India suggests an anti communist aid program, that the USA should pay for, and Australia and Britain agree

Post Independence, using the cold war rivalry to extract aid was big business in Asia. So slip on your smoking jacket, fill your pipe, take your first sip of your adult beverage, and sit back in your most comfortable chair. Welcome to todays offering from The Philatelist.

The stamp today is from Australia. Australia was a founding, donor country to the aid program. Celebrating the anniversary of an aid program is a delicate thing to do on a stamp of a donor country. There is a natural tendency to help those in need at home first. In addition an anniversary naturally brings questions of what there is to show for the money spent. A difficult question to answer for the skeptical. The stamp designers get around it with a generic emblem and not telling you what the “Colombo Plan” is. Also notice that the denomination is too high for a regular letter, meaning fewer stamps in circulation. Figure it out for yourself stamp user. Or better yet read on.

The stamp today is issue A123, a one schilling stamp issued on June 30th, 1961. It was a single stamp issue celebrating the 10th anniversary of the Colombo Plan of economic development aid in Asia. According to the Scott catalog, the stamp is worth 30 cents used.

In 1949, the Indian ambassador to China, K. M. Panikkar, went to his British and Australian counterparts and suggested an aid program. It was to be used to fight communism in the newly independent nations of Asia. Remember that India was newly independent and the Communists had just taken over mainland China. The main thrust was to be economic development and educational opportunities. In proposing the USA pay for the bulk of it, Amb. Panikkar was able to successfully make his case. The USA paid the lion’s share of the cost and the program began based in Colombo, Ceylon, (now Sri lanka), in 1951.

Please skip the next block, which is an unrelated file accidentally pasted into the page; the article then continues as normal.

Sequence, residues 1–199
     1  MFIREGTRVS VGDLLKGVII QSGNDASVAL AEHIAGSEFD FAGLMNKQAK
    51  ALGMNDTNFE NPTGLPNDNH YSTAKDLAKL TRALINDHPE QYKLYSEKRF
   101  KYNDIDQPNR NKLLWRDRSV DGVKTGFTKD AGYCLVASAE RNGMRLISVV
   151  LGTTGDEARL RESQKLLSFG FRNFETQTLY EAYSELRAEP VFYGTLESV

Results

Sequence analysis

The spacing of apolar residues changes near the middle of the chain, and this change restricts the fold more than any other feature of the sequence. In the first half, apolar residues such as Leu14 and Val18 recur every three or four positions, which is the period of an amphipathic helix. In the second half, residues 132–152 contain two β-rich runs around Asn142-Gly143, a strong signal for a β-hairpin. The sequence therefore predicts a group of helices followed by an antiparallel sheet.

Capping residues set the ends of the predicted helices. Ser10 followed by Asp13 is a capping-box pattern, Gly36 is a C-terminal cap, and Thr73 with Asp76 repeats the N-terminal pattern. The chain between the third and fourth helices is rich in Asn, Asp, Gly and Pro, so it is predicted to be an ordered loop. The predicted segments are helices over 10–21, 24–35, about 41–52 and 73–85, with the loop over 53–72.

The most obvious benefit of the aid program were the educational opportunities afforded. Among those that benefited are national leaders of Singapore and Nepal, and several prominent Indian scientists. In Ceylon itself the main beneficiary seems to have been the multi-language Ceylon radio service that did much in the 50s and 60s to bring an Asian perspective to the region.

With the end of the cold war, Britain and Canada dropped out of the program but the USA stayed on. The program was reorganized to take on environmental and gender issues in addition to continuing the educational opportunities. It is interesting to contemplate that gender and environmental issues are energized mostly on the left end of the political spectrum. Yet the program was specifically designed to be anti communist. Another case where the people that populate the program decide what it actually does. The vast bulk of people that get into this line or work will be left of center. The Colombo Plan is still around today.

Well my drink is empty so I will open the conversation in the below comment section. Come again tomorrow for another story that can be learned from stamp collecting.

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